In fall 1965, he returned to the United States bound for California to help reconstruct Los Angeles after the Watts riots, but "I was hijacked on the way by friends in San Francisco."

Johnson's War On Poverty "gave economic power to low income people in Cities."

Federal law mandated anti-poverty money could only be spent on programs reviewed and approved by the community. Thus, the Government granted the people effective control of utilization of Federal funds.

Between 1965 and 1970, Ken Simmons and Will Usury, both of the Congress of Racial Equality (CORE), "with the help of the people" designed the EOC (Economic Opportunity Council) implementation program which included elected executive policy neighborhood councils for Hunters Point and the Western Addition.

A people's vote for Ulysses' housing empowerment plan at Ben Franklin High School "got me started, and (established) my power base to develop housing in San Francisco by and for the people."

"Daniel Landry's father, Abe, is an old trooper," Ulysses said

"I was in the (New Chicago) barber shop getting a haircut, (with) Abe and a few people from the old Western Addition.

In 1966, his new friend, EOC night watchman, Abe introduced Ulysses all around.

"Abe got into a tussle with people trying to stop (Ulysses' program). Somebody pulled out a knife and tried to cut his throat.

"That's my scar down the side of his face. He got that defending me."

Justin Herman got wind of Ulysses' plan.

"The first time I met (him) he came up to me (at the Agency) and said, 'I run the Redevelopment Agency, not you.'"

"A lot of people hated Justin Herman. We fought like cats and dogs, but when he gave his word, he kept it."

In 1966, Ulysses convinced Bob Pitts, HUD Regional Director, to freeze all financing for the Redevelopment Agency in San Francisco. Bob Pitts said "I was honest, and (my program) was in the best interests of the people." He told Justin Herman before Redevelopment got more funding they must change their plans to include the Ulysses' ideas.

Herman gave Ulysses Montgomery development rights to nonprofit housing corporations he helped community groups organize.

In 1973, Wilbur Hamilton, Redevelopment Executive Director and Gene Suttle Redevelopment Agency A-2 project manager, met with Ulysses. "They said HUD (would) cancel all mortgage guarantee allocations for my clients. They could stop it if I closed my business and left San Francisco."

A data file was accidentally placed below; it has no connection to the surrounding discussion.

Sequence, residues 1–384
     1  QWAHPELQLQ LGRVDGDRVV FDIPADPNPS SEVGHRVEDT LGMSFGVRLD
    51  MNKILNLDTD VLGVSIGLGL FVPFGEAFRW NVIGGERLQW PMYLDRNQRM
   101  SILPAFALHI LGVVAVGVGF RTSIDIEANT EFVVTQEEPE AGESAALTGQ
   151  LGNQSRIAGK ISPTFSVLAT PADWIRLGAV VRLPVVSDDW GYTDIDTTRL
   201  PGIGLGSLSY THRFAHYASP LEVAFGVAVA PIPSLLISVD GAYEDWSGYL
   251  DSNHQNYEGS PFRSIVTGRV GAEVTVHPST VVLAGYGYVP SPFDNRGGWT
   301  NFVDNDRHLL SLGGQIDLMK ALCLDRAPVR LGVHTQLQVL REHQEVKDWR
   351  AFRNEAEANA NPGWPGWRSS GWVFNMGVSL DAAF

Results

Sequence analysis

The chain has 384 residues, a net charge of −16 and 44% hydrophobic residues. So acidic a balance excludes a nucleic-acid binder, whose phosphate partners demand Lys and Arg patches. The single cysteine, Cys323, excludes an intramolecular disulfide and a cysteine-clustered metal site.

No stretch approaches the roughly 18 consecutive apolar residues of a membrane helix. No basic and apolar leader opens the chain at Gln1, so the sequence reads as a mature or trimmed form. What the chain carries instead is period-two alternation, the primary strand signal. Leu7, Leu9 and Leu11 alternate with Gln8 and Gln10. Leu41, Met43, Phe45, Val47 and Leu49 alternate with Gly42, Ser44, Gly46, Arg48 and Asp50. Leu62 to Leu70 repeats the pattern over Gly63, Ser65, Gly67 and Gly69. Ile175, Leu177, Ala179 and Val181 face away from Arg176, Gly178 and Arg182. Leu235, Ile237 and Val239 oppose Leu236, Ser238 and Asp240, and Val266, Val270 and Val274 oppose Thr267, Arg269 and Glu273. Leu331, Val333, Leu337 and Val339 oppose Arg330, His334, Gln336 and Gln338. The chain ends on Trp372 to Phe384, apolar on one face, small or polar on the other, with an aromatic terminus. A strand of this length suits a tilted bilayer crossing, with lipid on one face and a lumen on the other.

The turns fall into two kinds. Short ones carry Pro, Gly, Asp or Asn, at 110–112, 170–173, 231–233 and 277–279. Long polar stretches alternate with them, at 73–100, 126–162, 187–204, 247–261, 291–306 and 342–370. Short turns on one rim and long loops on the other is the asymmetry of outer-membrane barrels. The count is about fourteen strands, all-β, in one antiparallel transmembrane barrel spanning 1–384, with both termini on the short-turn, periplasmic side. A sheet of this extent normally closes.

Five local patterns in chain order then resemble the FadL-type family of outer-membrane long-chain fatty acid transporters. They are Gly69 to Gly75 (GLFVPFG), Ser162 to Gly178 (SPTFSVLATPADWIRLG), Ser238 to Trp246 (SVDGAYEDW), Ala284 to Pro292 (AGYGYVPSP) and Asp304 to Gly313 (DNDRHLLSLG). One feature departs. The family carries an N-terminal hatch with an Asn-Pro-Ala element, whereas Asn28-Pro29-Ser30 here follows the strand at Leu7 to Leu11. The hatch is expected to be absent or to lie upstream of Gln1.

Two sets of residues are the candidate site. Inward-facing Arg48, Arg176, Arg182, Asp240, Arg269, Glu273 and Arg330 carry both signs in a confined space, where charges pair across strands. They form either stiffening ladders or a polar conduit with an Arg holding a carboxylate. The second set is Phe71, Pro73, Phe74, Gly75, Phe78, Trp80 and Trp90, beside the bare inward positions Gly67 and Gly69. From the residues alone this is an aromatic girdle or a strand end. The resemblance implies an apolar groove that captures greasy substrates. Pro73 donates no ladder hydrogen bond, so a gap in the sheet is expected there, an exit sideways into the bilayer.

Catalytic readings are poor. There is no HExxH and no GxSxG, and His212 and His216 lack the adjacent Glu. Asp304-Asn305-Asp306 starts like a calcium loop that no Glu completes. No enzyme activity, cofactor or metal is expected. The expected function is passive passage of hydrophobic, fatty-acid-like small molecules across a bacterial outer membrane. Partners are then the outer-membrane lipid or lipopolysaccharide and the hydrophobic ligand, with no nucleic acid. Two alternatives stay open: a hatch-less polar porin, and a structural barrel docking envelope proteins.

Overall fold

"Neither Gene Suttle nor Wilbur Hamilton would ever have done that by themselves. They were told to do it," by two white men, HUD director, James Price and his Deputy, Bob Gillian, "and they did it reluctantly."

"To protect my clients' interests, I liquidated my consulting business and transferred my clients to friends."

"Why did HUD and Redevelopment do this?" I asked.

"I was Black. They didn't like my attitude.

" I was developing co-ops or nonprofits, for the People, by the People ... But mostly white developers and contractors wound up owning everything, and all the Blacks got is a chance to rent in a subsidized project."

Under President Johnson's Poverty Program, "Community groups got development rights for many (housing and cooperative) projects in Western Addition and Hunters Point.

"(Now) HUD, Redevelopment, and some profiteering carpetbaggers are taking back ownership and control from original African American community groups at Jackie Robinson and Northridge (housing complexes) in the Bayview." They are also after Unity Homes.

"In the Westren Addition, they want Marcus Garvey and Martin Luther King Co-op. The attack on King-Garvey is the core. (If) they take it, Amel Park, El Bethel and Friendship will go."

Part 2 - LIES

Charles Spenser stood in the Rincon Center old Art Deco post office at 101 Spear Street gazing at the colorful murals painted on the lobby walls depicting historical images of hostility against people of color.

Charles was raised in a close-knit Columbus, Georgia community. He remembers his father hiding him and his siblings under the bed during 1970s fire bombings.

In his 12-year career as a stockbroker before he bought the New Chicago Barbershop #3, 1551 Fillmore Street at Geary Boulevard in the Western Addition, he gained an insider's view of San Francisco sociopsychology and economy. Its treatment of African Americans is no different than in any other part of the country.